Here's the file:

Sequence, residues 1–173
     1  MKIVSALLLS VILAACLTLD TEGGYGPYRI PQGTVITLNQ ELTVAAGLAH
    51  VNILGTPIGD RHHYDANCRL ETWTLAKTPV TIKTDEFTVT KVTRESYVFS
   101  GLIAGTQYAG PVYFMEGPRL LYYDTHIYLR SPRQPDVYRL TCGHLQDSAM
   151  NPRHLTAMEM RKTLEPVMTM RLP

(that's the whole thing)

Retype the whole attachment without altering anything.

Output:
Sequence, residues 1–173
     1  MKIVSALLLS VILAACLTLD TEGGYGPYRI PQGTVITLNQ ELTVAAGLAH
    51  VNILGTPIGD RHHYDANCRL ETWTLAKTPV TIKTDEFTVT KVTRESYVFS
   101  GLIAGTQYAG PVYFMEGPRL LYYDTHIYLR SPRQPDVYRL TCGHLQDSAM
   151  NPRHLTAMEM RKTLEPVMTM RLP